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News and culture through the lens of Southern California. Hosted by A Martínez

The art of dropping out: Presidential candidates call it quits in 2016

by Take Two®

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SIMI VALLEY, CA - SEPTEMBER 16: Republican presidential candidates (L-R) Rick Santorum, George Pataki, U.S. Sen. Rand Paul (R-KY), Mike Huckabee, U.S. Sen. Marco Rubio (R-FL) , U.S. Sen. Ted Cruz (R-TX), Ben Carson, Donald Trump, Jeb Bush, Wisconsin Gov. Scott Walker, Carly Fiorina, Ohio Gov. John Kasich and New Jersey Gov. Chris Christie stand onstage during the presidential debates at the Reagan Library on September 16, 2015 in Simi Valley, California. Since then, the field has narrowed as candidates have dropped out. Sandy Huffaker/Getty Images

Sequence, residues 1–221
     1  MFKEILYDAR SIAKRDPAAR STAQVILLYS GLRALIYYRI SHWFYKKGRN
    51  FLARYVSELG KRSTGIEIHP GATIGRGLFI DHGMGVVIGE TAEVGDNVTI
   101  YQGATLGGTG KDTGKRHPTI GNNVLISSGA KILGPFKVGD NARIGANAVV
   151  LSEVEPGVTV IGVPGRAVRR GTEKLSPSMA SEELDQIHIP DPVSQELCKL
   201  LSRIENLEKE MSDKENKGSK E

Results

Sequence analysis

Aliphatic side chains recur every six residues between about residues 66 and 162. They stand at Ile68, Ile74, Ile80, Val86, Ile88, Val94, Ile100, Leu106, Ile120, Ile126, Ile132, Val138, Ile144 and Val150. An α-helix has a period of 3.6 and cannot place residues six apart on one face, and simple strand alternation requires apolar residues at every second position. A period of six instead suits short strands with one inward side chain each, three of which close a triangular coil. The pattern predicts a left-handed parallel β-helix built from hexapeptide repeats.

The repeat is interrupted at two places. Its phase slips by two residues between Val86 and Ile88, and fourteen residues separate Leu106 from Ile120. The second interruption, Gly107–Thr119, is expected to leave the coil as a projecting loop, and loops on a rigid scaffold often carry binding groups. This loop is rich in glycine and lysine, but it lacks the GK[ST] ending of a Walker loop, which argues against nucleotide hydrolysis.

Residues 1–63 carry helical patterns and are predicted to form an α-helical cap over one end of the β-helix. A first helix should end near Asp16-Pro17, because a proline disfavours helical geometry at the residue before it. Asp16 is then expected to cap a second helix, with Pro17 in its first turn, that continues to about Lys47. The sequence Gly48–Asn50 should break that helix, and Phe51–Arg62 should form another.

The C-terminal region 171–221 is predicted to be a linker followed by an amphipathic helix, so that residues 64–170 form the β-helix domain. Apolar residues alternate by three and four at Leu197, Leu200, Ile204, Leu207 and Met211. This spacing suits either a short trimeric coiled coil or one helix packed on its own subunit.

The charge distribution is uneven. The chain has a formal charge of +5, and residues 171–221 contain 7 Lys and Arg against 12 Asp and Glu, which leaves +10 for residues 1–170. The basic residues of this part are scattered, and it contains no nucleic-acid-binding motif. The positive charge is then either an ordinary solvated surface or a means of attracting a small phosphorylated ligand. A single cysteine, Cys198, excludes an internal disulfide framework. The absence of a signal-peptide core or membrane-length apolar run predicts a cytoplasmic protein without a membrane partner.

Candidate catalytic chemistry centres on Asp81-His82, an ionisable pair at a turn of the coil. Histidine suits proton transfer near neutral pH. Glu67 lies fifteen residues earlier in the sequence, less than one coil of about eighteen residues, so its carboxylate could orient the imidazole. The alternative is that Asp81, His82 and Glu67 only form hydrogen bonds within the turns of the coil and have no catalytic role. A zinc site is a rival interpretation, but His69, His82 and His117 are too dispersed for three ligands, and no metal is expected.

The race is narrowing. Today, Republican Rand Paul said he's bowing out of the 2016 presidential contest. He follows fellow Republican Mike Huckabee and Democrat Martin O'Malley. They both called it quits – or 'suspended their campaigns' as politicians put it – shortly after the results of the Iowa caucases came in Monday night.

This brings up a big question: if you're dropping out, how and when should you do it?

If history is any guide, making smart choices when throwing in the towel can mean a lot to a candidate's future.

For more we turn to Matt Latimer, contributing editor at Politico. He's also a former speech writer for George W. Bush.

Politico's How to Drop Out of the Presidential Race

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